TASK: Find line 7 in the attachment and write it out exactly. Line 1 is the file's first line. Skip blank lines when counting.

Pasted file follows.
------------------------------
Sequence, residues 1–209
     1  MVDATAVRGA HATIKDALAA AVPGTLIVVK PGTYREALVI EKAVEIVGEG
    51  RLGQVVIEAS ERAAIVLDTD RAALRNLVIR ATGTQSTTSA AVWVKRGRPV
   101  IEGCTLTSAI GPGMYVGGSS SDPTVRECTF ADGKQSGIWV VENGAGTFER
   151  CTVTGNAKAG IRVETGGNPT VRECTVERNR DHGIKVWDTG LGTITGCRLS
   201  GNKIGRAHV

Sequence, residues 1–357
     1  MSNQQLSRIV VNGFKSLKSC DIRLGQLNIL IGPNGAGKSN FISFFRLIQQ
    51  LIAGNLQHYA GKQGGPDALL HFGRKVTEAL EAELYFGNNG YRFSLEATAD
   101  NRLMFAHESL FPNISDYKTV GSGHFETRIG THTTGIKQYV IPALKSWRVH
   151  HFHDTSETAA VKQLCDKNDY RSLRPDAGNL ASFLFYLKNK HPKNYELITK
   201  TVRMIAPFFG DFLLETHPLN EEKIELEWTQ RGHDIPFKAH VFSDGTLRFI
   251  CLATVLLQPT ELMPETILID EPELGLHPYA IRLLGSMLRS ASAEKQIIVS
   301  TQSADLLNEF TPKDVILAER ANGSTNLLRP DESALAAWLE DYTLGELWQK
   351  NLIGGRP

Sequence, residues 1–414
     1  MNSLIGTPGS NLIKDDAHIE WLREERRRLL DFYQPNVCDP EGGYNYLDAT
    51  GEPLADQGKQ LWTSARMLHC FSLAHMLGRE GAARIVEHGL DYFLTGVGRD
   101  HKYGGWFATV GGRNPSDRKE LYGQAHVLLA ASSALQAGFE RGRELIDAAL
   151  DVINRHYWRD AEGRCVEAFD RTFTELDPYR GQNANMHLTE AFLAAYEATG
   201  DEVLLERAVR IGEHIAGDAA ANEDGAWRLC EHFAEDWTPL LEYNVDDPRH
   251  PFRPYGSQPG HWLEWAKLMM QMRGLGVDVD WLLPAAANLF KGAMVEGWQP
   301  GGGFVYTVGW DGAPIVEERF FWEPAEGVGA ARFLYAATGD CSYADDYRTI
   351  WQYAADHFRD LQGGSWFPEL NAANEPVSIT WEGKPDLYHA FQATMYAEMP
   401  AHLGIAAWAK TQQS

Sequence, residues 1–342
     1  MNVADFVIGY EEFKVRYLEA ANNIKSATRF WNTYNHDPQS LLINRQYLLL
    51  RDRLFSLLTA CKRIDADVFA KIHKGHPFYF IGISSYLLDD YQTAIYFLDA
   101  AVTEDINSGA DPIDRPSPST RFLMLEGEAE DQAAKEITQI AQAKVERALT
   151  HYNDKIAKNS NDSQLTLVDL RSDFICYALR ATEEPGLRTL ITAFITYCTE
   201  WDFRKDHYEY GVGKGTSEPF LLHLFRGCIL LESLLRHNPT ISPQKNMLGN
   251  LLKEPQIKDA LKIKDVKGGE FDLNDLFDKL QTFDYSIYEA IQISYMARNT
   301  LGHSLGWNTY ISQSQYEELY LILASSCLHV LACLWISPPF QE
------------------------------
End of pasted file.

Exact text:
Sequence, residues 1–357